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The main character of a series of Warhammer books written by Dan Abnett and Mike Lee. It was initially a comic strip released by Black Library which follows the same general plot but differs in a few areas. The books are mostly set in the part of the Crapsack World where dark elves rule fortress cities under a mighty Witch King.
The series consists of five books, as well as a prelude short story "Blood Price" included in the Malus Darkblade Chronicles: Volume 1, Omnibus Edition.
- The Daemon's Curse (May 2005)
- Bloodstorm (December 2005)
- Reaper of Souls (July 2006)
- Warpsword (February 2007)
- Lord of Ruin (September 2007)
The plot of the series seems at first to be a standard fantasy cliche: the protagonist must collect five Plot Coupons to save his own soul from a powerful demon that uses the name T'zarkan. The monster is inhabiting his body, but has made a deal with Malus: Collect the five relics needed to loose T'zarkan on the world, and Malus will be free.
It's clear early on, however, that their relationship isn't that simple, and Malus is no standard fantasy hero. For one, he's not actually a hero at all, but a Villain Protagonist: Through the series, nearly everyone Darkblade meets will eventually be betrayed by him... though, admittedly, with the dark elves known as druchii, often it's a race to see who betrays whom first. Even his own family. Especially his own family.
Malus Darkblade is not the strongest, smartest, or most skilled of his race, or even of his siblings, but what he is is the most hateful SOB this side of the Chaos Wastes, and he never gives up, even well after there is no plausible path to success.
The series uses the following tropes:
- Abusive Parents: Malus's father tortures him for weeks in the hopes that he will beg for death.
- A Father to His Men: Surprisingly enough, Malus develops certain qualities of this kind near the end of his journey, taking genuine concern for the needs of his subordinated, giving awesome motivational speeches and even sacrificing his own agendas to avoid excessive casualties.
- Affably Evil: Hauclir is more or less the only druchii in the series it is possible to identify with. In the cast full of bloodthirsty sadistic monsters and insane killers (which includes the main protagonist) his snarky, impertinent yet loyal and surprisingly likable persona is quite a relief. The mercenaries in the fifth book, petty crooks and cutthroats each, are also a lot of fun.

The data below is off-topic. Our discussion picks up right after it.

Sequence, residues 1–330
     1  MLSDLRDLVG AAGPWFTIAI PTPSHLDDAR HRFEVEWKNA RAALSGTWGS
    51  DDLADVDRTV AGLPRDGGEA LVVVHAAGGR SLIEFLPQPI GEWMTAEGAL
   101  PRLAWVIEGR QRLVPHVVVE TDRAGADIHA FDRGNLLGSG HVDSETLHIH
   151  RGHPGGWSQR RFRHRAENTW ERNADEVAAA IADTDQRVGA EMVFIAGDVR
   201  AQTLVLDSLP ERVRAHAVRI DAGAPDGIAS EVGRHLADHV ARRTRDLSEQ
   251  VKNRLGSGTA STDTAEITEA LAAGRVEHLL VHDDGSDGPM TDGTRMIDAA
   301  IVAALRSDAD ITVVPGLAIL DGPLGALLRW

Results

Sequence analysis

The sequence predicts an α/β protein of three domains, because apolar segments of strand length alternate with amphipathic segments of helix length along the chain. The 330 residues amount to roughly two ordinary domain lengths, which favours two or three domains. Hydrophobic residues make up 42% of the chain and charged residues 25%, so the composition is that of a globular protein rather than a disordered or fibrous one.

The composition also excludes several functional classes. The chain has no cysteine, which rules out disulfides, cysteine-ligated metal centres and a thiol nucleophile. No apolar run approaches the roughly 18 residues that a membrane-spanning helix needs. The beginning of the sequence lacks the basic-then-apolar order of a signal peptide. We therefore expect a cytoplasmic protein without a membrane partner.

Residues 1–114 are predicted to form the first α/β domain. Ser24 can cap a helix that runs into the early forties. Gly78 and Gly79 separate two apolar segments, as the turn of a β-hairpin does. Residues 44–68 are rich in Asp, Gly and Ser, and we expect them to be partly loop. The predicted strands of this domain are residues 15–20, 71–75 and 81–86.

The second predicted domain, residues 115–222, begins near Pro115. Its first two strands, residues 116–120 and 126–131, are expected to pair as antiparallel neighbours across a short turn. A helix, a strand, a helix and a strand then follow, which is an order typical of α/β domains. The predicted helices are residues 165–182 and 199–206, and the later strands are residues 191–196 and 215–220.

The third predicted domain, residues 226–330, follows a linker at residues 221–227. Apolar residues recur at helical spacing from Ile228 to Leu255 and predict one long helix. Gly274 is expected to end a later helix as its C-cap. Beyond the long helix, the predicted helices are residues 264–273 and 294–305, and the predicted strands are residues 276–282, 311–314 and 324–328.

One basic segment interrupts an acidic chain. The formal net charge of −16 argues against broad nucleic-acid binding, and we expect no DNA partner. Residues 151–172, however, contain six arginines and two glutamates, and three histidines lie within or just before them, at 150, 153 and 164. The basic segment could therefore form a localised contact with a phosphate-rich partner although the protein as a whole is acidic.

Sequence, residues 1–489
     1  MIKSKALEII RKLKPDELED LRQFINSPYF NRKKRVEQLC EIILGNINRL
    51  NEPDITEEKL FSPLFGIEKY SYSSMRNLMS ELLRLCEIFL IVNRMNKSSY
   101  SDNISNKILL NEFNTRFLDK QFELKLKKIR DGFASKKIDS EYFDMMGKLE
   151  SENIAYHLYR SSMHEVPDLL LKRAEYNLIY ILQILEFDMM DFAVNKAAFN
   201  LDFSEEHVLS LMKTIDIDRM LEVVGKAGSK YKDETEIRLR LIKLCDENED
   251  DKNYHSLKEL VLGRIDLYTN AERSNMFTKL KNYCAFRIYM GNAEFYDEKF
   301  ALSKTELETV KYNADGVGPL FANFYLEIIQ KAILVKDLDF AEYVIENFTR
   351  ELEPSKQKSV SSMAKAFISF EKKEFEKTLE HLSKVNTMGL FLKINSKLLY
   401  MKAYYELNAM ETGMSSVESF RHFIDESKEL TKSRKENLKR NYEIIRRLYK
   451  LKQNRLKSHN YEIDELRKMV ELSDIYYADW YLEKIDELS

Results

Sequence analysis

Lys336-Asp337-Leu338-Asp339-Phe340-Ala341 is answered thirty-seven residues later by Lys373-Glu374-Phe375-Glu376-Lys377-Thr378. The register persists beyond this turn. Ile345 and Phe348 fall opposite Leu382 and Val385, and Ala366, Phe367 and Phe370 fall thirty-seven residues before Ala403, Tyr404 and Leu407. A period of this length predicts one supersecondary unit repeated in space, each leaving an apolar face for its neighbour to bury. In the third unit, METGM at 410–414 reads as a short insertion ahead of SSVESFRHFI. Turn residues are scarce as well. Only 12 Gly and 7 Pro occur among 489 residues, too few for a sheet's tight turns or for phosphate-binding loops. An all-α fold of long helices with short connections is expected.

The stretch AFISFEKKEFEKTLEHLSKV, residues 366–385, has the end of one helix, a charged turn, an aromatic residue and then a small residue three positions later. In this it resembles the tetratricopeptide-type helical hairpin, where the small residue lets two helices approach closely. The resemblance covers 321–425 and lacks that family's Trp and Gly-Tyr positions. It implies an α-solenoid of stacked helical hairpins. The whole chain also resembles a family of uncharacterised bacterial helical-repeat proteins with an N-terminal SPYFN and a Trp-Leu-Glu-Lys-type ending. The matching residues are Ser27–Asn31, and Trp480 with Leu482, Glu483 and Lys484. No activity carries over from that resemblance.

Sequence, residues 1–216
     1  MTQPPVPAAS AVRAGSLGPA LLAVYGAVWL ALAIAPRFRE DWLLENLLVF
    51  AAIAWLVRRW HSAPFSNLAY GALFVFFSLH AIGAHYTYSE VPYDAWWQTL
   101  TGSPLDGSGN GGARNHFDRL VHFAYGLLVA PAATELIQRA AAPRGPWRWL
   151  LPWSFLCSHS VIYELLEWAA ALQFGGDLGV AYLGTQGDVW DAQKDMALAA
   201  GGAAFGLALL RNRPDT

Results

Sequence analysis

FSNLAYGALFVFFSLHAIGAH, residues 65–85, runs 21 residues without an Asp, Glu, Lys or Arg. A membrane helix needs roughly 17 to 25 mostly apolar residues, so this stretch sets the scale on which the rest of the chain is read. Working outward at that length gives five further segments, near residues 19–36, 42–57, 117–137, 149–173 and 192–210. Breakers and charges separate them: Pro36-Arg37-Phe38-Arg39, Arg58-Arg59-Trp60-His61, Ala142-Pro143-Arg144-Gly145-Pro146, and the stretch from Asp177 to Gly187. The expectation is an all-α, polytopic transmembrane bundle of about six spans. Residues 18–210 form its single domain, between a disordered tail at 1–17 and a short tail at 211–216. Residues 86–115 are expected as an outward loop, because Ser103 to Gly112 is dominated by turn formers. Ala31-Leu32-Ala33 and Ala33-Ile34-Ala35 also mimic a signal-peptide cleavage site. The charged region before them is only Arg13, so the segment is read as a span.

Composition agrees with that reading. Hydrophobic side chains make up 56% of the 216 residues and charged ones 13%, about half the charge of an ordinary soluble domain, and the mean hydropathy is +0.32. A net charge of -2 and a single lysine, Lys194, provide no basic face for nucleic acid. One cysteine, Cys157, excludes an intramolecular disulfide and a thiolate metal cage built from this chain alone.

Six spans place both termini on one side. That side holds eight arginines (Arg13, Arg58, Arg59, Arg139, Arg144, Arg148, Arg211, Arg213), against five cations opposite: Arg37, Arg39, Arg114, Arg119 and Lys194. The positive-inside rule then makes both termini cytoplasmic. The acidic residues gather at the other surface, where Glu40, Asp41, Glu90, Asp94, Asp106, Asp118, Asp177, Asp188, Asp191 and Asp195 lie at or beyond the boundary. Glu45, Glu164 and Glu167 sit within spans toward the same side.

- Ax Crazy: Followers of Kaine in general and Uriel in particular. And the servants of Chaos, naturally. And Malus, when under influence of the Warpsword.
- Awesome McCoolname: Subverted. "Darkblade" may sound cool, but for the druchii it is a derogatory allias, meaning "a flawed thing", and Malus hates it (more than other things, that is).
- Back From the Dead: In Lord of Ruin, Lhunara comes back leading the Chaos Army. Malus is quite surprised.
- Black Magic: The magic Dark Elves use is highly destructive, uses rather gruesome reagents and oh boy, does it corrupt.
- Brother-Sister Incest: Malus and pretty much every one of his brothers and sisters has intentions toward/is having an affair with one of their siblings. They're only Malus's half-siblings; not that it makes it much more appetizing.
- Cruel Mercy: To get some information out of a wounded Kainite, Malus threatens to leave him alive. Mind it, Malus only wounded him in the first place, because the Kainite attacked Malus after he saved him from being killed, which he considered a grave insult. Yep, Kainites are that crazy.
- Deadly Decadent Court: All druchii cities are ruled by one of these. They even have rules for how far you're allowed to stand to someone else, measured in swordlengths, because the highborn nobles are so prone to killing each other.
- Daemonic Possession: T'zarkan is gradually turning Malus into a daemonhost in the hopes of using his body to fulfill prophesies he wrote himself millenia before . Subverted in that the demon T'zarkan is using Malus's body to try and escape a crystal prison, but he is limited in that Malus has to ask for demonic power for him to spread his influence in a bid to take over his body entirely. Malus remains free-willed through most of the series. Later played straight after Malus uses the demon's power a few too many times...
- There are several other instances of demons taking over mortal bodies, and it's never pleasant for the mortal.
- Chronic Backstabbing Disorder: Malus and, essentially, almost every druchii in the entire series. He makes and betrays alliances whenever it's convenient, necessary, or profitable.
- Combat Pragmatist: Malus fights dirty, he uses the scenery when necessary, and will sacrifice his own soldiers' lives if it means potentially getting the upper hand.
- Cool Sword: Malus retrieves and wields the Warpsword of Khaine, one of the relics T'zarkan requires. Not only is it a powerful weapon, it allows Malus to resist the daemon's influence while wielding it.
- The Dark Side: Malus's main trump card is that he can ask T'zarkan for power, which usually takes the form of supernatural healing, strength, and speed (though sometimes T'zarkan is a Literal Genie and answers his requests in the most disturbing way possible). The problem is that, every time Malus does this, the daemon gains more control of his soul and body.
- Defector From Decadence: Averted. Malus is as or more depraved than everyone else. He kills his retainers, family, and associates constantly, commits incest and rape, participates in bloody orgies glorifying an evil god, and even blackmails the evil drachau lord of his city effectively.